The beginning of the 21st century has been an exciting time for HR. As we get ready to enter the third decade, cultural, financial, competitive, and regulatory pressures are rewriting the HR playbook. Corporate governance is growing from mere headcounts and compensation to encompass the capability of the workforce to deliver present and future value.
Regulatory Governance Drivers
In today's world, a company's intangible assets, including human capital and culture, have become a significant portion of its market value.
The U.S. Securities and Exchange Commission Is proposing requirements for more disclosure of the value of human capital and how it drives long-term value.
According to the EY Center for Board Matters, Global investors and frameworks such as the Global Reporting Initiative, the Embankment Project for Inclusive Capital, and the Sustainability Accounting Standards Board (SASB) identify human capital as a crucial value driver.
The Evolving Workforce
The changing perception of the value of life and work has forced organizations to rethink the concept of workers as simple economic units. Businesses have become social enterprises that pursue value far beyond shareholder returns.
Today's labor force includes many types of non-employee and contingent workers. The freelance economy is growing, except in areas where heavy-handed regulation makes it too complicated.
In the past, HR operated on three assumptions that are no longer true:
- work outcomes are stable,
- jobs are predictable,
- People are fungible.
Work today is in a continuous state of reimagination, jobs are fluid and dynamic, and humans are no longer interchangeable cogs in an organization.
Entire industries and the entire world are undergoing a digital revolution that is changing the way we conduct business, our social interactions, health, government, and everything else we do.
The HR function has transitioned from its perception as a back-office function to a strategic partner in the business. That transition requires a new breed of forward-looking human capital analytics and metrics that operational reporting can't deliver.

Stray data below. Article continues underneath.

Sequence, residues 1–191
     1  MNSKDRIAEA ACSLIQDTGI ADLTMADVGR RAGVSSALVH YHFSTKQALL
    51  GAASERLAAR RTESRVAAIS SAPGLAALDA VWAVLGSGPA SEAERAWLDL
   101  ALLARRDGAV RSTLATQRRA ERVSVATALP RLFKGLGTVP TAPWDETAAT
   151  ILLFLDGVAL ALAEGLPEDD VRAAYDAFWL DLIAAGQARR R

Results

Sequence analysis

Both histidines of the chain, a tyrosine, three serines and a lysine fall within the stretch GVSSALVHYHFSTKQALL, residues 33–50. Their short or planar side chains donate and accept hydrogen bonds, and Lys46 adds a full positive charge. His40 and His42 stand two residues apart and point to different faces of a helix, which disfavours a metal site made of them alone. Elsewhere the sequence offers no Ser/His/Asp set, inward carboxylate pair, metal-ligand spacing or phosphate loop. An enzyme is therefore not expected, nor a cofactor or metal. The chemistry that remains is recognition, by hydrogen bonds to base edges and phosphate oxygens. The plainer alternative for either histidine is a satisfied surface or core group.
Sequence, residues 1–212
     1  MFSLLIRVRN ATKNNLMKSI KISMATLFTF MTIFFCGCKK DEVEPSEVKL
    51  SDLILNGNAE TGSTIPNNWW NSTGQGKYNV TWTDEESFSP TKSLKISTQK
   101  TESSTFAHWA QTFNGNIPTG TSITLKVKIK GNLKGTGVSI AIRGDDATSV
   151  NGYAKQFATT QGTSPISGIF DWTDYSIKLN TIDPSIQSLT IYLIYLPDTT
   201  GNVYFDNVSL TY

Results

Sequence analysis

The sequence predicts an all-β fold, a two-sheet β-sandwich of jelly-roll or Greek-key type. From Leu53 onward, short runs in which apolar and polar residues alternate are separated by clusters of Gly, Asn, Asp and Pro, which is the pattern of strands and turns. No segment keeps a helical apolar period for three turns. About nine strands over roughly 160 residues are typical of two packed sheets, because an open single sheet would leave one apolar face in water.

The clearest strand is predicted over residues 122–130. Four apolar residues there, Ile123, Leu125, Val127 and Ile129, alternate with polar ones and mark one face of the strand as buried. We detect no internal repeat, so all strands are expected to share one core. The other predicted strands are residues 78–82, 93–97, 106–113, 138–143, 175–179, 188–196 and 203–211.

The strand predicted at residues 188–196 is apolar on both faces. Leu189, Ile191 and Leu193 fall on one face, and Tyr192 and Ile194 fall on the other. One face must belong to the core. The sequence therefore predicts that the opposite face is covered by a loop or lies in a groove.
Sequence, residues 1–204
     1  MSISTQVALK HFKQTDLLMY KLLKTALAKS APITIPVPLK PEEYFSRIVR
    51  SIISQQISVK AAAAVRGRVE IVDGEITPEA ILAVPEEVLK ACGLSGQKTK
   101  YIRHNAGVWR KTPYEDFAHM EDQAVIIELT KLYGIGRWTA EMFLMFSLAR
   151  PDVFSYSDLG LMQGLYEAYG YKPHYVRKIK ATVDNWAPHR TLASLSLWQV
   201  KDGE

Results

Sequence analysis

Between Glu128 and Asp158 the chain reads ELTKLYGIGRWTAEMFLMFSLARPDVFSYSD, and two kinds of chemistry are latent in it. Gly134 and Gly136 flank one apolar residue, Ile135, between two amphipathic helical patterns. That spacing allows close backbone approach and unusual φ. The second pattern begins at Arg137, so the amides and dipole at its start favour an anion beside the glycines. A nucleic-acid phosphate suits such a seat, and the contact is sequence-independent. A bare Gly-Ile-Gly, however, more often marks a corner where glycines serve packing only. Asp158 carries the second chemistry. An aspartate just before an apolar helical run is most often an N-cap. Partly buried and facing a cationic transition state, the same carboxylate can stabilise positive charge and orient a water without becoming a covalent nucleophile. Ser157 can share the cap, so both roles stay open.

We've been talking about these trends for over ten years. While many organizations have made significant progress, there is still a significant gap between knowing the importance of the organization's relationship with its people and HR's readiness to handle it. In Deloitte's Human Capital Trends 2020 report, 75% of respondents said the role of HR was essential to their success over the next 12 to 18 months, but only 11% said HR was ready to address it.
Board of Directors Role in Workforce Governance
To remain competitive, organizations need to develop a framework that provides clarity and accountability for workforce readiness and performance at every level of the organization. It begins with the Board of Directors.
The Board sets the tone of the organization in human capital and culture. It should have sufficient expertise in workforce management and organizational culture to support and enable the organization to shape and develop the workforce to meet both known and unknown challenges.
It should ensure that the company consistently communicates and lives its culture and values throughout the organization, so each individual understands his or her responsibilities and accountabilities in achieving the company's purpose.
The CHRO has the same responsibility concerning the workforce that the CFO has in finance. That means providing the Board with regular updates on crucial workforce and culture, metrics, and financial reporting. It should also include discussions of the framework for HR Governance.